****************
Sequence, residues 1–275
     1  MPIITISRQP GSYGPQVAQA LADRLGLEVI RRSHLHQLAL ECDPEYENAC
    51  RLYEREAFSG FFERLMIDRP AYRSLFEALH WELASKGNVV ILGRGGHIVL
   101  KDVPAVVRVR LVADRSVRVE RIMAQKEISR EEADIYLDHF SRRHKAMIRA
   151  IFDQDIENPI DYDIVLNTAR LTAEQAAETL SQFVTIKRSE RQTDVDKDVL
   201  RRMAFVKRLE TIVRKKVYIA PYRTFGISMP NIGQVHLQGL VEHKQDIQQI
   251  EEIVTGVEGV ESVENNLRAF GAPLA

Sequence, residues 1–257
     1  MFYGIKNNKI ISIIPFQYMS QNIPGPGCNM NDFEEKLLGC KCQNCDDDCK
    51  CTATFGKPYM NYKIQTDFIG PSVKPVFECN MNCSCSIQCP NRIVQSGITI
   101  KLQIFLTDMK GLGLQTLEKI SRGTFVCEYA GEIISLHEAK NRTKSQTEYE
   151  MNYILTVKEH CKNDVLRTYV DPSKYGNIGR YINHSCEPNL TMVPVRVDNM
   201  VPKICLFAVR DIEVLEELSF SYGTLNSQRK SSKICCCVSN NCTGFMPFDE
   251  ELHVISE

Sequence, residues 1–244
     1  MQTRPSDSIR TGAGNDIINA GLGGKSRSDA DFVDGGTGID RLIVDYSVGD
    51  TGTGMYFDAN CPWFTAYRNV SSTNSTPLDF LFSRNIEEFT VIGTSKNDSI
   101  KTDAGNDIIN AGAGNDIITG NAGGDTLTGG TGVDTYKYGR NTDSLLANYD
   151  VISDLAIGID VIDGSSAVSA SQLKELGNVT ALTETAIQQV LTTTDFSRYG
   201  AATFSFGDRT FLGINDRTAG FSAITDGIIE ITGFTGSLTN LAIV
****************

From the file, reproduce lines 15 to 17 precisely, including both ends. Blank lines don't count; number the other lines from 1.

Sequence, residues 1–244
     1  MQTRPSDSIR TGAGNDIINA GLGGKSRSDA DFVDGGTGID RLIVDYSVGD
    51  TGTGMYFDAN CPWFTAYRNV SSTNSTPLDF LFSRNIEEFT VIGTSKNDSI